KNOXVILLE, Tenn. - In the end, Tennessee’s offense couldn’t get to John Chavis or his defense enough to make a difference.
His emotions, rooted in what this place has meant to his life, did.
The personification of a classic, burly, barrel-chested, tough as nails, Southern by the grace of God football coach, LSU’s defensive coordinator didn’t want to tear up. Especially not in front of cameras and reporters.
“I said I’d never do this again, but I did,” the man they call “Chief” said, red-eyed.
“So I’m a softy. Call me a big baby. But it’s a great feeling.”
Real men do cry, John, especially when confronted with the reality of stepping back onto the field where they became a man.
And the joy of stepping out a winner as fans cheered him off that field.
“I didn’t want it to be about me, because really it’s not,” he said. “I’m just fortunate to be a part of it.”
Les Miles, Chavis’ boss these past three seasons at LSU, knows about having deep-rooted feelings for his alma mater. LSU and Michigan may meet in a bowl one day, but Miles will never schedule the Wolverines. The emotions, he says, would be too much.
There was no calling off this game, Chavis’ first against Tennessee since he left the program where he played and coached most of three decades in 2008. A place like LSU where he chewed out players then hugged them around the neck and let them know how much he cared. The place where he was let go along with the rest of Phillip Fulmer’s staff before the one-year Hindenburg called the Lane Kiffin Experience blew into town.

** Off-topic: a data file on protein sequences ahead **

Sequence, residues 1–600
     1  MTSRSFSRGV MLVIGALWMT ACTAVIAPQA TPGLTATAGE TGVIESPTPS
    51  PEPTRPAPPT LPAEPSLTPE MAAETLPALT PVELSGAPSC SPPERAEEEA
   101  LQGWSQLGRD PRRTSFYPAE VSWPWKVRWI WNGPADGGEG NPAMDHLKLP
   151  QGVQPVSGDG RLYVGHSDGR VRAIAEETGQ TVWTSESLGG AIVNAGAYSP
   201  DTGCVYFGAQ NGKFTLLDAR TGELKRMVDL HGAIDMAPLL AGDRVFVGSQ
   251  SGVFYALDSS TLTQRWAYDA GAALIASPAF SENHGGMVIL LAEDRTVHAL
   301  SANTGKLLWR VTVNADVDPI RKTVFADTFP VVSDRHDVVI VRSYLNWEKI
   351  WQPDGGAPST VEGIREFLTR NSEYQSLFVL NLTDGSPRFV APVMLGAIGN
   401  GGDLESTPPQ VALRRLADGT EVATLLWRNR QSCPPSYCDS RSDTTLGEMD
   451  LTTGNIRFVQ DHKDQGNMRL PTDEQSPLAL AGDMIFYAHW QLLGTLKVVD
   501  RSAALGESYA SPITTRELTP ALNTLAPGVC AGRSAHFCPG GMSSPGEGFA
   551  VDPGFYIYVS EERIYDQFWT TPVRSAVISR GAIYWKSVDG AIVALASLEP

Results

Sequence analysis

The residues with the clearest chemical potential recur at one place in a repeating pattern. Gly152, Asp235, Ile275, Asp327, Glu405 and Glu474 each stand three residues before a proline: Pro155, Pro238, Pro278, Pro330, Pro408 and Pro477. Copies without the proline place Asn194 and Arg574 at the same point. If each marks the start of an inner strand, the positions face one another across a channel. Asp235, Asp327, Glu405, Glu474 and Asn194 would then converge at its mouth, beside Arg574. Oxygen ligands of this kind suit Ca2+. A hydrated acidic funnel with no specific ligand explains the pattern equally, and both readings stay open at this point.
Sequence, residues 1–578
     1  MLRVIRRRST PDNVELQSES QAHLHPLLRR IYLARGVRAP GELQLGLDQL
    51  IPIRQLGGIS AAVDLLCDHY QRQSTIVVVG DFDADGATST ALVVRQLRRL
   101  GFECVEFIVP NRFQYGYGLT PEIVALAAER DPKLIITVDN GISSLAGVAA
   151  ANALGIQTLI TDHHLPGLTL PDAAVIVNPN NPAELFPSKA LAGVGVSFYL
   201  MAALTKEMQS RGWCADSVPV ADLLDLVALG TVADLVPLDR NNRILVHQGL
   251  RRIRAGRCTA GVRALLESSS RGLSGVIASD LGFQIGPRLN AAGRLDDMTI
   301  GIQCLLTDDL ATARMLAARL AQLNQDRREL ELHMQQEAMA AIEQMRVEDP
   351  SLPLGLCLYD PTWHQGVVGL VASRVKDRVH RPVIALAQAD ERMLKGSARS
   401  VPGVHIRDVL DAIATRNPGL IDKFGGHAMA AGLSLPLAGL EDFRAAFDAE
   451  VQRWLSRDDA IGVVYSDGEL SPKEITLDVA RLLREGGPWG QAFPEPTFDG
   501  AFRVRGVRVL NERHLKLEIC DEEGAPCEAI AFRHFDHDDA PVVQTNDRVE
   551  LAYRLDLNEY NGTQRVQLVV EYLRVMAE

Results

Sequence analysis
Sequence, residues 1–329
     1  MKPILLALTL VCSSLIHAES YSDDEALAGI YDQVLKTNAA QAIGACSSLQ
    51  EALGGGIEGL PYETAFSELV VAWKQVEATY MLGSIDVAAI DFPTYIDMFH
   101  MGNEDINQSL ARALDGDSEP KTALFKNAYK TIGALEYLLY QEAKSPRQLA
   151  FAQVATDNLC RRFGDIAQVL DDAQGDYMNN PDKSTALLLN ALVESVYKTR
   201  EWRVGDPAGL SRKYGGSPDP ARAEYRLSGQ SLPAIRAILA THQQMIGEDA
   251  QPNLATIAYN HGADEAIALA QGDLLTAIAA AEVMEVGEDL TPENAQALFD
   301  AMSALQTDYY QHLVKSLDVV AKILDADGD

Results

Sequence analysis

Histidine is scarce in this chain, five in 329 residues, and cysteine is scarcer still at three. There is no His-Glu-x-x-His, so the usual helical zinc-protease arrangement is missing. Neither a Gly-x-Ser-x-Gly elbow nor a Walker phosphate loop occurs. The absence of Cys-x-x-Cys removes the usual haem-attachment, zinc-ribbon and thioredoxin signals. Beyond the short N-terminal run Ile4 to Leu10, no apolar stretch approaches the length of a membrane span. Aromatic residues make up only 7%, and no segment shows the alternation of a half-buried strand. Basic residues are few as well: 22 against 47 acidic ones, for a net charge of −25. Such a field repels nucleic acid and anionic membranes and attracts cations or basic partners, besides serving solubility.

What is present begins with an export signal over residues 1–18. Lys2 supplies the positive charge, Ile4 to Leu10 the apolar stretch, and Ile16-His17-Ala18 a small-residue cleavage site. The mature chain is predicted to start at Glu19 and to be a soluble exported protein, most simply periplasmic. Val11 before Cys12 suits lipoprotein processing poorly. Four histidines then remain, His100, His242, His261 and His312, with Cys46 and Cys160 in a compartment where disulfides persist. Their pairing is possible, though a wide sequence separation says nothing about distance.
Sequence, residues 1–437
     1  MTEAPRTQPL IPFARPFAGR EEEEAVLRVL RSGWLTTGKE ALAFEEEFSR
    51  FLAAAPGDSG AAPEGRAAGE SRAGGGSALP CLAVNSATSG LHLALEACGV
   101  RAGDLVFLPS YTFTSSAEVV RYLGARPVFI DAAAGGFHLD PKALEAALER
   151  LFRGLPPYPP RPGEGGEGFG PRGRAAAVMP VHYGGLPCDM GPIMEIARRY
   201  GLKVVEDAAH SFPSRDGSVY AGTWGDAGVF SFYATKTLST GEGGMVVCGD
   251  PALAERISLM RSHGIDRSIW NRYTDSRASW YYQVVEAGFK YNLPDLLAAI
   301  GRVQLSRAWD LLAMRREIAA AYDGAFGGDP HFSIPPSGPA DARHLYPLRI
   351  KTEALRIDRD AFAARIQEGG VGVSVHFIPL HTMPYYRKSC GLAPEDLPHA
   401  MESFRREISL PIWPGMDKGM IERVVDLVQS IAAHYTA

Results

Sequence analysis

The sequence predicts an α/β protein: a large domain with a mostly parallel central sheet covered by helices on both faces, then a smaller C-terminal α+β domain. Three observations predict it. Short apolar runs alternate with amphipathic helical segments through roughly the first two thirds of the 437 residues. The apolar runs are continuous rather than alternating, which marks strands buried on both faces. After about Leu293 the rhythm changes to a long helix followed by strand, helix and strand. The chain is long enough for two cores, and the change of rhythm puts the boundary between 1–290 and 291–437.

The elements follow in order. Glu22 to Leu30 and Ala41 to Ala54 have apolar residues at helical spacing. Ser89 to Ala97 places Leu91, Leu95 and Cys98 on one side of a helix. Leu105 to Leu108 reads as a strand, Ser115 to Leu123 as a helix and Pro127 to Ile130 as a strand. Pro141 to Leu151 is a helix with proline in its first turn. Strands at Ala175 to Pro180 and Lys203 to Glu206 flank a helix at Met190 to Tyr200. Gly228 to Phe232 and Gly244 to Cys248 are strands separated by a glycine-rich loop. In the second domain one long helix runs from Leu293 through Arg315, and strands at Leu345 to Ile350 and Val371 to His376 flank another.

Defensively, it wasn’t a totally vintage LSU performance. Tennessee rushed for minus-29 yards in its first two Southeastern Conference games but netted 111 against the Tigers. Backup quarterback Matt Simms connected on long passes covering 44, 38 and 21 yards.
Still, LSU’s big, burly defense also was part of the formula that squeezed the life out of the Volunteers in the second half as the No. 1-ranked Tigers coasted to a 38-7 victory.
The Vols managed just 66 yards in the second half on three possessions, while LSU possessed the ball 22 minutes thanks to drives like the 99-yarder that chewed up 8:44 of clock.
Chavis joked that during that drawn-out march he had time to think about 10 things and forget nine. Some of his thoughts had to turn to the fact he had come back to the place where he spent most of his adult life and was leaving a conquering hero in the eyes of fans on both sides.
Afterward, they gave Chief the game ball.
“You can’t put it in words,” said Chavis, who turns 55 Sunday. “You can’t.
“It’s a great feeling when you leave a program that you didn’t get to leave the way you wanted to that people still care about you.”
They care, Chief.
You didn’t give them any other choice.